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In 1881, Salt Lake City was crowned the world's fifth city to generate electricity from a centrally located power station. By August 1889, the city's first electric streetcar replaced horsepower, and newfangled jobs were on the rise. But within months, labor and management relations grew strained with streetcar workers' rights short lived.

On the evening of Sept. 16, 1890, more than 130 streetcar conductors and motormen voted to put on the brakes and go out on strike. Employees of the Salt Lake City Railway Co., they had recently formed the Street Car Men's Union and joined the Utah Federation of Trades and Labor Council. They believed their grievances were reasonable and easily remedied. They also wanted recognition of their union and the Federation Trades men. And they didn't want to strike.

"The men are not asking for an increase of wages, nor for shorter hours," reported the Sept. 16, 1890, Salt Lake Times. "They're willing to work the allotted nine hours, but they object to being asked to clean up the machinery and motors after midnight. They claim that it not only gives them an extra hour's work, but spoils the uniforms for which they themselves have to pay."

Obligated to be dressed neatly at all times — or risk dismissal — most of the men who bought three $27 suits yearly couldn't afford to get them dirty. They suggested putting a four-member crew of streetcar cleaners on the line. "The extra cost of hostlers would be $10 per day," the Sept. 17, 1890, Salt Lake Tribune reported, "and the boys were willing to hire this service done themselves if the company would increase their pay 10 cents per day to cover the costs."

In response, the company president, A. W. McCune, and his superintendent said their men were handsomely paid $2 for a 9-hour workday while streetcar workers in most other cities received 20 cents an hour. They maintained the cleanup process required the men "merely to lift the traps and oil or sandpaper the machinery from above," and took less than a half-hour to accomplish.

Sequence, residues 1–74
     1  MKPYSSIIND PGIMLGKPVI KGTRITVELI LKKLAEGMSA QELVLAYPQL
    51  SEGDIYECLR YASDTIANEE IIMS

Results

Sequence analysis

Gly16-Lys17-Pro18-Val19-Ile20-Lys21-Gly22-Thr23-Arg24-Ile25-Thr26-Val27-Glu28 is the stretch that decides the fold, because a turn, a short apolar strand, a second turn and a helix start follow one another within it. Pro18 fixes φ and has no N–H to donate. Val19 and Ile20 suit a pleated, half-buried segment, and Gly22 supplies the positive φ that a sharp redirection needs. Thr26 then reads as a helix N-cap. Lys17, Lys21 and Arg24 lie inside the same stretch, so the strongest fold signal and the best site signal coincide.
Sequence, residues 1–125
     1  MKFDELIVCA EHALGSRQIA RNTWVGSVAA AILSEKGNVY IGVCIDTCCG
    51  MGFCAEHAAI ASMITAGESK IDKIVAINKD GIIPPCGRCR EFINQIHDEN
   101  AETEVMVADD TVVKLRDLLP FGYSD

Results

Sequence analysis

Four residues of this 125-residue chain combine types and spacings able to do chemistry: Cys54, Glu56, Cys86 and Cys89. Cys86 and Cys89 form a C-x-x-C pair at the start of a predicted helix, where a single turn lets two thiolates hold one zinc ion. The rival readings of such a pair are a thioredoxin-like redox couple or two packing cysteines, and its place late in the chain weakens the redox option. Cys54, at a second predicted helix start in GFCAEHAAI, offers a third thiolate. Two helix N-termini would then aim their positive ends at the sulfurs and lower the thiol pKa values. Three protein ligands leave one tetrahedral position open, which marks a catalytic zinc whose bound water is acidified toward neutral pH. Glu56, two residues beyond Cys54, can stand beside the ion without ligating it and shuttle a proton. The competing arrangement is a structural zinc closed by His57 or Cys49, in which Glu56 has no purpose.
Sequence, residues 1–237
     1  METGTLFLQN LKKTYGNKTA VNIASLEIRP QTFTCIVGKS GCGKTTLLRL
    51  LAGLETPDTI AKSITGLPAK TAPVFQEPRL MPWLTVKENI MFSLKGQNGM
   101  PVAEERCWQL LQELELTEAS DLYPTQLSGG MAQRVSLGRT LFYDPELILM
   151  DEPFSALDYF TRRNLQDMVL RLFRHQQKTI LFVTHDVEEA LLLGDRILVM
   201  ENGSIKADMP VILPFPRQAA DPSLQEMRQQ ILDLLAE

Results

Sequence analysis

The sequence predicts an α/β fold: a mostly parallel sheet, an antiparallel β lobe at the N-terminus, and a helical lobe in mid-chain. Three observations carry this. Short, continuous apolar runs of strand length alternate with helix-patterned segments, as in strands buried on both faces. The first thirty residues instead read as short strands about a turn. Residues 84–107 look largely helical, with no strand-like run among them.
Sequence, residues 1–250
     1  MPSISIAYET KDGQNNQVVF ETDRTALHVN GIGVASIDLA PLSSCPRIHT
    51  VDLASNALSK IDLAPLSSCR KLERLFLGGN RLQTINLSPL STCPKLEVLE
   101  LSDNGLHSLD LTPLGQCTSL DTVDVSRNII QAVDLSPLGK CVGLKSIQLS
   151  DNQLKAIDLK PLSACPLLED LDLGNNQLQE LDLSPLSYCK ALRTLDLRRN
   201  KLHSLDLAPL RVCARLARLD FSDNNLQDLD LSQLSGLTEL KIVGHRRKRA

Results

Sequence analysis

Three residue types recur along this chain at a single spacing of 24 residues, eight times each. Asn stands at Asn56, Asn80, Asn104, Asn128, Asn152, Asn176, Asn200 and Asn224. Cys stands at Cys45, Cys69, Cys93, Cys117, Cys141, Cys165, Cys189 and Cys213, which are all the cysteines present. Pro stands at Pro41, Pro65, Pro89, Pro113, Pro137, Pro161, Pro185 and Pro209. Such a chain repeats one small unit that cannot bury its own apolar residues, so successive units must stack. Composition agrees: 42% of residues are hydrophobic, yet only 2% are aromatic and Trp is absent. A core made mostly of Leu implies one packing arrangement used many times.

They said the union misrepresented itself as being "only a benevolent affair." They would not recognize the Federation Trades representatives. Moreover, they would not stand being told what to do by their employees. Refusing to negotiate, they said it was up to the individual worker to stay with the company or leave. Seemingly overnight, they began hiring new streetcar workers.

On Wednesday, when the strikers congregated at the "common campground" on the corner of Main Street and First South, policemen were positioned nearby but the protest was peaceful. At its close, members of the Liberal Band and 131 strikers wended their way up the street carrying American flags, signs and banners that proclaimed their intention to stay the course unless concessions were made. Later that night, hackmen made a bundle taking the earnest but enervated strikers home by horse and wagon.

The following day, policemen accompanied several streetcars that were now operated by new recruits — local Utah boys, raw in training, hungry for work and considered scabs by the strikers.

As word of the strike spread, hordes of people congregated downtown. Empathy circulated along with stories about current streetcar mishaps, including a jolting mechanical correction when a "current slipped its bitts and bridle," the car lurched and passengers painfully bounced into its sides.

Boycotting streetcars altogether, sympathizers contributed to the cause. In a second parade, the steady marching beat of the popular Liberal and Held bands was followed by the energized strikers. More than 19 unions representing members from hod carriers, cigar makers and plasterers to metal workers and tailors were joined by "solid walls of humanity."

The populace supported the strikers and called for arbitration. But the company remained steadfast. By the strike's third day, 20 cars were already running, more men were hired — even former strikers who yielded to company policy. Within the week, the union was broken.

Eileen Hallet Stone, author of "Hidden History of Utah," a compilation of her Living History columns in the Salt Lake Tribune, may be reached at Additional sources: Salt Lake Times, Sept. 18 and 19, 1890; Deseret News, Sept. 20, 1980 and John S. McCormick's excerpts from "The History of Utah Power and Light Co."